Useful and Useless Items

These are some issues and tips that don’t seem to fit into any other category so are gathered here.


  • Carry a spare set of bearings and bearing seal and a spare set of wheel studs and nuts (you will of course already be carrying a grease gun and grease as part of your 4×4 equipment) for your caravan. You do of course have a record of the bearing and seal part number;
  • Loose wheel nut indicators are a great safety device that enables you to quickly and easily see if a wheel nut has worked loose;
  • Electronic tyre pressure monitoring on all tyres may prevent a leak becoming a destroyed tyre. It is difficult to detect a leak on a towed vehicle but if it can be detected early the tyre may be saved. There are several makes on the market TyreDog is one such make that can monitor more than just four tyres;
  • A laptop with a Next G connection. Receive and send emails, pay the bills, write a blog, even use Google Earth to look at intended camp sites. The only carrier with suitable coverage is Telstra. They claim to cover 95% of the population which unfortunately is only 8% of the land mass;
  • Modified 12 volt drill

    Modified 12 volt drill

    An electric drill that will plug into 12 volts is very handy for repairs and changes. Buy a cheap 12 volt rechargeable drill, cut off the battery housing and solder 5 metres of cable to the switch terminals. Add a cigarette lighter plug and you have a very versatile tool;

  • A small inverter, around 300 watts, is handy for charging batteries, running hair clippers etc;
  • Do not waste money on expensive toilet chemicals. Napisan is as good if not better than expensive commercial toilet chemicals. Lots of discussion about this on various internet forums, almost all positive. I use one cupful in a quarter of a litre of water. Shake well in a small container and pour into the waste receptacle. There is nothing needed in the flushing water. This is a relatively safe biodegradable (to Australian Standards) chemical that can safely be emptied into septic systems. I have never experienced an unpleasant smell when emptying. Buy the cheap generic Woolies or Coles brand;
  • tent peg puller

    Tent peg puller

    A strong tent peg puller will make life much easier. Forget those things sold in camping stores, they all break after a couple of uses. You will need a large tent peg, about 375mm should do and a length of 20mm galvanised water pipe, 130mm is sufficient. You should be able to scrounge a piece of discarded water pipe. Drill a hole in the centre of the water pipe, insert the tent peg and weld in place. Ensure that the handle and hook are in the same plane, this makes controlling it much easier. Cut the hook with an angle grinder so that it is relatively short and pointed, this makes inserting under pegs easier. Finally spray with fluorescent paint, makes it easier to see when on the ground. You now have a better puller than can be purchased and one that makes a great billy and camp oven lifter as well.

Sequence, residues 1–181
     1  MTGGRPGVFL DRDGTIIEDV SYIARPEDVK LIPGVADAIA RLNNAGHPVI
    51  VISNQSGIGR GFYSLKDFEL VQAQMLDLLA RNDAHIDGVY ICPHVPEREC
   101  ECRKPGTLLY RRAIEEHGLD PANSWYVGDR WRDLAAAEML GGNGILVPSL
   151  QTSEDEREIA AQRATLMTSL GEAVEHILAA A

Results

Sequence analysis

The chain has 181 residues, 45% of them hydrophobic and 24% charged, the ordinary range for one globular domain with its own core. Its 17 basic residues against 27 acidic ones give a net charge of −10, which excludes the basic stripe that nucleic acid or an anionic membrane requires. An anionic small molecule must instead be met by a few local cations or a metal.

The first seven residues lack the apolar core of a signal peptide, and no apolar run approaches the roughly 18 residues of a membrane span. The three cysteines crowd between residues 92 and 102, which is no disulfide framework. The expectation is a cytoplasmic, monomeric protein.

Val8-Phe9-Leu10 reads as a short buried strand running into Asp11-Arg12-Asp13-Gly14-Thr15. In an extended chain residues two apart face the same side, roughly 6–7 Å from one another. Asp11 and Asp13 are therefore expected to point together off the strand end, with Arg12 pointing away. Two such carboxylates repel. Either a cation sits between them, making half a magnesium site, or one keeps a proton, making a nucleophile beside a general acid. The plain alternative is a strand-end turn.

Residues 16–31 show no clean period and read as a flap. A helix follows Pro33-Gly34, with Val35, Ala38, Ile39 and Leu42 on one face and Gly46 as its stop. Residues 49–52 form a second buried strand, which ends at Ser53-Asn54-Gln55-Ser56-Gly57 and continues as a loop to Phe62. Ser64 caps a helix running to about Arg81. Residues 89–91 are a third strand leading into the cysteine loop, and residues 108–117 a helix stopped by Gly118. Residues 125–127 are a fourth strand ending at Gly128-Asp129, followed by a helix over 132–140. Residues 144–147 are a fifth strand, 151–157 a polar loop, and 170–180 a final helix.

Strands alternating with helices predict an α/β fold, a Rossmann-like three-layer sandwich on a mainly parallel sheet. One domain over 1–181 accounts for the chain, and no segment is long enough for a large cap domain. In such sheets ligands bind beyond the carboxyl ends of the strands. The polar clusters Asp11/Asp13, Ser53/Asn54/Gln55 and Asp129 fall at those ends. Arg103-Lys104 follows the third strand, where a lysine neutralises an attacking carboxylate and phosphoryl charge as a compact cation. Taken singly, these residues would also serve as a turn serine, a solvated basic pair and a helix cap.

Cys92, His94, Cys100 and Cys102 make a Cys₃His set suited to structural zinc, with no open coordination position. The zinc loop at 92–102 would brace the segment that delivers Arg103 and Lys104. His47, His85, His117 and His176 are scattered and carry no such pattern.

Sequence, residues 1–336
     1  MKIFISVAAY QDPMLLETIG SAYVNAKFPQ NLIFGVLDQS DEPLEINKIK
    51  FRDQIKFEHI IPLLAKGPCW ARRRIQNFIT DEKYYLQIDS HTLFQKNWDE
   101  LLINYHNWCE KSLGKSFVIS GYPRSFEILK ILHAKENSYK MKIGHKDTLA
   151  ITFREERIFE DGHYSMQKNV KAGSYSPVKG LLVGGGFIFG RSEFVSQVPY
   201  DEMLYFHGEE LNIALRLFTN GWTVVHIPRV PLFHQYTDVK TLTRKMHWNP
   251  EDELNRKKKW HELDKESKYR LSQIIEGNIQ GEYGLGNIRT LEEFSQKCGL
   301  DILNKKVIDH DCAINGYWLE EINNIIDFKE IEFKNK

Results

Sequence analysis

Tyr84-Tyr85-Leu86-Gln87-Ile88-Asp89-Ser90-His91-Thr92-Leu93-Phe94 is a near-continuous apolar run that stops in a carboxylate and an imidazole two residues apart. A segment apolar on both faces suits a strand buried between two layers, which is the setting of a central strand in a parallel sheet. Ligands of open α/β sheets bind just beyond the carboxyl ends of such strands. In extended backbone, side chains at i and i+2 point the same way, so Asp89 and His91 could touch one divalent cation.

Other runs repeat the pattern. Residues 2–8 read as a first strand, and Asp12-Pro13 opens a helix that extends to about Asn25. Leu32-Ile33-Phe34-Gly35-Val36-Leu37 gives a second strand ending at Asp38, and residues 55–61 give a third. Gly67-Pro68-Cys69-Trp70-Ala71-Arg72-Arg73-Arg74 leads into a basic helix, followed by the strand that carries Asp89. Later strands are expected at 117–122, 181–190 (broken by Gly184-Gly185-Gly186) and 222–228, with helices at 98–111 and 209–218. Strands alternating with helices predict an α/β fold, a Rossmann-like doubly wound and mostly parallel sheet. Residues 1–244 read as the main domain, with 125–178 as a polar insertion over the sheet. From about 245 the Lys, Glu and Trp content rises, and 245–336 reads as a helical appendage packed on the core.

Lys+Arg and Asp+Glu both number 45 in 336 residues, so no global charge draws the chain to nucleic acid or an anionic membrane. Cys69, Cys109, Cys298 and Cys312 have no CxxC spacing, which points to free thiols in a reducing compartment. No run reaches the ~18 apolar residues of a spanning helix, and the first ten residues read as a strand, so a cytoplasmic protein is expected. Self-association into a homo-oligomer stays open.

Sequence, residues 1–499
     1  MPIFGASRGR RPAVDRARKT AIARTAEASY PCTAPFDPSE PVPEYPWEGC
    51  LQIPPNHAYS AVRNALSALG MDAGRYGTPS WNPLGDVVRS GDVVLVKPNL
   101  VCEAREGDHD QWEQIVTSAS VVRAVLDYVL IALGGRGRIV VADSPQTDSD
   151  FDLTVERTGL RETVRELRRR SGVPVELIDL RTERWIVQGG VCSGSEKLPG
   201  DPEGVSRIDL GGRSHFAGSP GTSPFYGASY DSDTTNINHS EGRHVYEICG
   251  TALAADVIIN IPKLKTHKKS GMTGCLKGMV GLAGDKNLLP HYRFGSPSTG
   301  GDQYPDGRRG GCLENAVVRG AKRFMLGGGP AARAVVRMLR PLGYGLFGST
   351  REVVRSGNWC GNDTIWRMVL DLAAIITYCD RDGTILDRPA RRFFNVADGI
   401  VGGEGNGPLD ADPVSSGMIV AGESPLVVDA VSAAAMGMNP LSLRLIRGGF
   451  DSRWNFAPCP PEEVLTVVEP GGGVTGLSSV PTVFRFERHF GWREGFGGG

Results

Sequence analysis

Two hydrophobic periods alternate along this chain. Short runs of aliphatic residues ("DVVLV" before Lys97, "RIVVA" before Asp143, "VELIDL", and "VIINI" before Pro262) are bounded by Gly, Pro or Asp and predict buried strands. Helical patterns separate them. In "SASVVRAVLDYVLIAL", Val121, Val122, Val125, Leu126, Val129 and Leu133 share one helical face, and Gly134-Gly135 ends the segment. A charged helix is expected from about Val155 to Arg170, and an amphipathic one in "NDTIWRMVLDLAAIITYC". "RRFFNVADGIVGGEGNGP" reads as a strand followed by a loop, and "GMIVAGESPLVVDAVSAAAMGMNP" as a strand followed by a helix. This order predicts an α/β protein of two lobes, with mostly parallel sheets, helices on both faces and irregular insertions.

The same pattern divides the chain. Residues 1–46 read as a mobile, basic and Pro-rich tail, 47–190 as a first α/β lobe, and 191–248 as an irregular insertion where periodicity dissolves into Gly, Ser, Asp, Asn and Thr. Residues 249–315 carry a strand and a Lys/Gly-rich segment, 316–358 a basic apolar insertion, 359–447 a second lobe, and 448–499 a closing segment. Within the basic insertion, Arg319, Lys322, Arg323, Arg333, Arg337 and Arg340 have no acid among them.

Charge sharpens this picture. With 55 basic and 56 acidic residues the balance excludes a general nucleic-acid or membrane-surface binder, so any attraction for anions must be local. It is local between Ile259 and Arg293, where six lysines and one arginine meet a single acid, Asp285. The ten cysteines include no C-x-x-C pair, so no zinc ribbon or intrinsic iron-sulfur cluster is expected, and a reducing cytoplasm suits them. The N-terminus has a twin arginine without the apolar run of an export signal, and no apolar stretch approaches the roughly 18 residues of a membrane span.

• Carry plenty of tea towels. They come in handy for stopping things moving in lockers and drawers;
  • Good maps and a copy of the latest Camps book make travelling and finding camps easier;
  • Ugg boots are great. Can’t be beaten on a cold morning or night and even in the tropics keeps the sandflies and mosquitoes away from ankles;
  • Take a couple of light weight stools. Handy for putting your feet up, use whilst changing tyre pressures and with a top great for resting snacks and drinks on;
  • Have an LED torch mounted in a permanent place for easy and quick access;
  • Carry a bucket with a rope on it for getting water out of streams etc;
  • A small bags of rags;
  • A small  ground sheet, for getting under the car or van or a privacy or shade screen;
  • Assorted rope and line; and
  • Ant Dust (available from most supermarkets) is invaluable to keep ants at bay. Particularly needed in the Kimberleys when the presence of Singapore Ants is suspected. These little ants bite and have been known to chew through electrical wiring and canvas.
  • If you like to read consider taking an eBook Reader. Join your local library and then with your laptop and internet connection borrow ebooks whilst travelling. Download eBooks on the Internet from Project Gutenberg including the journals of Australian explorers. Do not buy a Kindle eReader as these do not support the EPUB format used by Australian libraries. Sony make an excellent eBook reader.


  • Too much junk. If it isn’t really necessary don’t take it. Remember, within reason, travel as light as you can. At the end of each trip review the gear you carried;
  • A washing machine and microwave. Do you really need them when camping in the bush?
  • Water filters, if filling up from a caravan park then you are using potable water anyway. If in remote areas you have to fill your water tanks using a bucket then you don’t have the pressure to force the water through a filter. Remember that if you use water filters they must be maintained strictly in accordance with the manufacturers instructions.

updated 28/01/2012

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